Allauddin Khilji’s invasion in Gujarat
In the previous two articles, we read about history being a part of the mythological aspects and the myths very clearly had aspects of communal divide, if not, it definitely had differences being highlighted between two countries. We will now look at another example which actually eases the communal divide, but is part of the ongoing theme of mythology and history.
During one of my visits to a temple town, Becharaji, about 100 kms from Ahmedabad, Gujarat, we come across yet another example of History in mythology. Becharaji is a town which is home for the Mother goddess, Bahucharaji. (You can read more about this in “The Third Sex – Part 1” http://utkarshspeak.blogspot.com/2011/08/third-sex-part-1.html ).
According to one of the myths associated with this goddess, Alauddin Khilji who was on a destructive spree and was demolishing all temples he came across, on his way to Gujarat, reached Siddhpur. The brahmins of Siddhpur were very annoyed and started fasting to please Lord Nilkanth Mahadev. The Sultan asked them to prove the existence of their God, failing which, they would have to adopt Islam as their religion. Goddess Bahucharaji appeared in the dream of a Brahmin named Budar. “You need not be afraid, bring the king to Chuwala and I will show them a miracle which the Sultan would have never seen”. The Brahmins got together and got the Sultan to Chuwala, but night had fallen by then, so they decided to camp for the night.
The Sultan’s soldiers were tired and hungry. They came across a number of roosters and Khilji ordered them to kill them and eat them for dinner. The rooster was a holy bird (incidentally the rooster is the vahana of the Goddess Bahucharaji), but Khilji would not listen. All the roosters were killed and eaten, except one which hid behind a rock.
Next day morning, the rooster did not crow in the morning. When Bahuchaji asked the rooster as to why it did not crow, the rooster said that all his friends were killed, so who will crow back in his support. Bahucharaji told him to do his work and see. So the rooster crowed. As soon as he did, all the dead roosters came out of the soldiers stomachs and joined the chorus, killing all the soldiers who had eaten roosters the previous night.
|A Painting in the temple premises depicting the incident|
Needless to say that Khilji did not demolish the Bahucharaji temple, which is still in its original place.
As a mark of respect it is said that till date, in all the 44 villages in and around Becharaji, the Muslims do not kill/eat the Rooster. This is considered something unique and also the only place in India where Muslims do not kill/eat the rooster.
Some of the soldiers who had not eaten the roosters and were thus saved, decided to stay back and not continue with the army. These soldiers who stayed back became firm believers of Bahucharaji and were thereafter referred to as ‘Kamariya’ and are said to be serving the goddess even today. This community of Kamariya’s are not found anywhere in the country, proving that they did not leave Becharaji. (I did come across a person who told us that he was a kamariya and begged for alms – to atone for the deeds of their forefathers.)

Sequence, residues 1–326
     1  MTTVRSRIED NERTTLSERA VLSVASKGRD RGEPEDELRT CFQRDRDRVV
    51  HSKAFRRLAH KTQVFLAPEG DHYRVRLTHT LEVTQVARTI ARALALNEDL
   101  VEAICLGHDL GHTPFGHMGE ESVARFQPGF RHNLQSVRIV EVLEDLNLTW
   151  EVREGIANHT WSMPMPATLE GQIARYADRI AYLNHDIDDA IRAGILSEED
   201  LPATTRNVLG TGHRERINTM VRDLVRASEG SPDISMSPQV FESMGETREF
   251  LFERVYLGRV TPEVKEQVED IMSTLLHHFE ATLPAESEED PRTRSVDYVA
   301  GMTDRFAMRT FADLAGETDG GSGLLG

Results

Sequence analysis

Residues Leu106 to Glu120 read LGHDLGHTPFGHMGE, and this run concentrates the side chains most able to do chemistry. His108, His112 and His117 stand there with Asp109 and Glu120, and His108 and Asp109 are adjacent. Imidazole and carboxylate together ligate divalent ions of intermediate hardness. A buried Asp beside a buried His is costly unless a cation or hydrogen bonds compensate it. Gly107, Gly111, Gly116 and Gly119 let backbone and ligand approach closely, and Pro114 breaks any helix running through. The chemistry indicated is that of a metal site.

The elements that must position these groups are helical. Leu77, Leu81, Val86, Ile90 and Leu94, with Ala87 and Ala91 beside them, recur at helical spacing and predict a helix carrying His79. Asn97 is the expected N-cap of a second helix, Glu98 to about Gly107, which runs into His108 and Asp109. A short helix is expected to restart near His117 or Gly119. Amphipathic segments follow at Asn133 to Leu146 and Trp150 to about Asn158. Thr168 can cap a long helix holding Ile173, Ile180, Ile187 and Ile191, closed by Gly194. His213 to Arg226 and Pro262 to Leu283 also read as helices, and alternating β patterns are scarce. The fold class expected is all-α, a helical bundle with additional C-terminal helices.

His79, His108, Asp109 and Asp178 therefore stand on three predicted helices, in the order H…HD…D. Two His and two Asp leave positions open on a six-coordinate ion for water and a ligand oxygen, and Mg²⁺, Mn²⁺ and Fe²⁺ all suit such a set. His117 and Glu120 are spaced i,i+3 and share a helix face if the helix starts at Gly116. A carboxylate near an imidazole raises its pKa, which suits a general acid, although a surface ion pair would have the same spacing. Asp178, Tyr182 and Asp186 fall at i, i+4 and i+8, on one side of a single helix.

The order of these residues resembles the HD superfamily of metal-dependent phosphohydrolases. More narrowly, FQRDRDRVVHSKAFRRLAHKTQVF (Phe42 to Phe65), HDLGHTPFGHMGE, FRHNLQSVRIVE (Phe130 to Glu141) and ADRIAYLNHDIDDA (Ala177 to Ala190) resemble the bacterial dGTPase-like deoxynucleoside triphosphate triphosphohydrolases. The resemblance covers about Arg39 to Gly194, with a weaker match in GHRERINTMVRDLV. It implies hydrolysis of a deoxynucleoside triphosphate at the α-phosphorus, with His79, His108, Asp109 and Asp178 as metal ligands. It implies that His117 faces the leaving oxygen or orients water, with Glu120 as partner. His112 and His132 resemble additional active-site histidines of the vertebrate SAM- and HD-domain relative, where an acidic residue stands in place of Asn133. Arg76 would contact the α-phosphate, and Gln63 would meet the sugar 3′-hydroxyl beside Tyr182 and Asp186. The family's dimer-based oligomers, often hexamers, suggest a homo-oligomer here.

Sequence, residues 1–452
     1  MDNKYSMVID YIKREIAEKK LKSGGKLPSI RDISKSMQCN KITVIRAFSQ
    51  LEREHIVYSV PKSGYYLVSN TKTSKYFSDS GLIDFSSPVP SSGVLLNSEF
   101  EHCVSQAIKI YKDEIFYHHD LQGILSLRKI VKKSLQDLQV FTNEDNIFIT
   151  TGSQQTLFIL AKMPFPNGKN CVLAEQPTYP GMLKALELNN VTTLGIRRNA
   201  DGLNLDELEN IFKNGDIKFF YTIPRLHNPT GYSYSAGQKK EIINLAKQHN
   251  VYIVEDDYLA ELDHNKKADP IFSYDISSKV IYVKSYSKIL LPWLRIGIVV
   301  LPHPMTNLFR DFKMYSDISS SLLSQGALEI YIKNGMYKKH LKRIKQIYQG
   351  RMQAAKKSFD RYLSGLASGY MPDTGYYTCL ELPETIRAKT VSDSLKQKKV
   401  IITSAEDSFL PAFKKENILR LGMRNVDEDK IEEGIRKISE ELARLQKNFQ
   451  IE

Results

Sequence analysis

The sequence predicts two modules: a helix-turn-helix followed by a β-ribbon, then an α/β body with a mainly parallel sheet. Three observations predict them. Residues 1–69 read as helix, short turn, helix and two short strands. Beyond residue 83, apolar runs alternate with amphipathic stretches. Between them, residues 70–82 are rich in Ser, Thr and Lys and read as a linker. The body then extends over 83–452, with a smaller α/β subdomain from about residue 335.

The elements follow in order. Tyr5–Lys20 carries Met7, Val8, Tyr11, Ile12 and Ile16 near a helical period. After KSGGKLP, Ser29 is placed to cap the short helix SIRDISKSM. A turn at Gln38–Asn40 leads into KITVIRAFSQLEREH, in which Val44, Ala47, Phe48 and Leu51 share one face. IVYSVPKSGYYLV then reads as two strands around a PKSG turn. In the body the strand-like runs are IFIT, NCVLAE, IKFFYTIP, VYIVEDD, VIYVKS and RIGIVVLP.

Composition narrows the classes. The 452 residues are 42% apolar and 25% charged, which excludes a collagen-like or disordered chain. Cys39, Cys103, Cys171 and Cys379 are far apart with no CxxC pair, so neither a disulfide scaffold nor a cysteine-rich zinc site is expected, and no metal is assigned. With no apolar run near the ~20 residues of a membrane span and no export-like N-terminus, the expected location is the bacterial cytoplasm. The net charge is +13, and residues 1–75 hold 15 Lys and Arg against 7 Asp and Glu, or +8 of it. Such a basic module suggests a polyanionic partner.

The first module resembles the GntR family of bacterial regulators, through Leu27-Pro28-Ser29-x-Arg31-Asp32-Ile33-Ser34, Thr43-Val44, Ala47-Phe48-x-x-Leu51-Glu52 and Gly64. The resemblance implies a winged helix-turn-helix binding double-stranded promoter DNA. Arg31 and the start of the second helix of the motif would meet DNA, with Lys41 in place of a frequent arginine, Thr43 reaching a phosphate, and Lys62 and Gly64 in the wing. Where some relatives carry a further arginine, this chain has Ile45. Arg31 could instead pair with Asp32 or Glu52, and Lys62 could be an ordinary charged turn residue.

To carry on with the above myth, there is another associated myth of the ‘Kamariya’ community. There was a saint by the name of Kumali, who had both Hindus and Muslims as his followers. When he was on his death bed, there arose a conflict on the ritual of the death ceremonies between his followers. To resolve this dispute, the Saint asked the Hindus to prepare a funeral pyre and asked the Muslims to dig a grave. He then said “When I am dead, whichever side my ‘kafan’, (the cloth covering the body) flies off to, will decide on the method of my last rituals”. On his death, the ‘kafan’ flew towards the grave dug, and so he was buried as per the Muslim norms. Though the ‘kamariayas’ are not Hindus, they follow all the Hindu customs and even have a life-style akin to one, but when they die they are buried as per the Muslim norms.
It must be observed that the myth has historic roots. We can trace the invasion of Allauddin Khilji in the books of history and reference to his destructive spree. Though it is not possible to verify such references, one can understand the origin and relevance of such myths.
We also asked a few people around who vouched for the fact that eating chicken was not a common thing there even amongst the Muslims. We did visit the market place in the city and passed through some areas which looked like Muslim habitation, but did not see any shops selling chicken.
What must be seen here is that in the communally charged atmosphere of Gujarat, this does seem to be an anomaly of sorts, but visible to a common man. These should be seen as efforts made by the ancestors of the village, to ensure that the two communities stayed together in peace. Thus despite such bloody references of invasion and looting in the past, there is a close blend of the two communities, and the reference of the ‘kamariya’ community is one such example out in the open for all to see. Also, the fact that people in and around the area do not eat chicken is another classic example of mark of respect shown by the Muslims for the faith and reverence of the Hindus.
Another example of the religious tolerance and goodwill is the fact that the Muslim eunuchs visit the temple during important get-togethers and functions of the eunuch community. This goes on to show the tradition of co-existence in peace by different communities existed from a long time. However, it is a pity to see that the efforts of the ancestors being wasted in modern times.
If any of you have such examples of Mythology and History shaking hands, please send in your myths to the blog. A debate is the essence of such articles.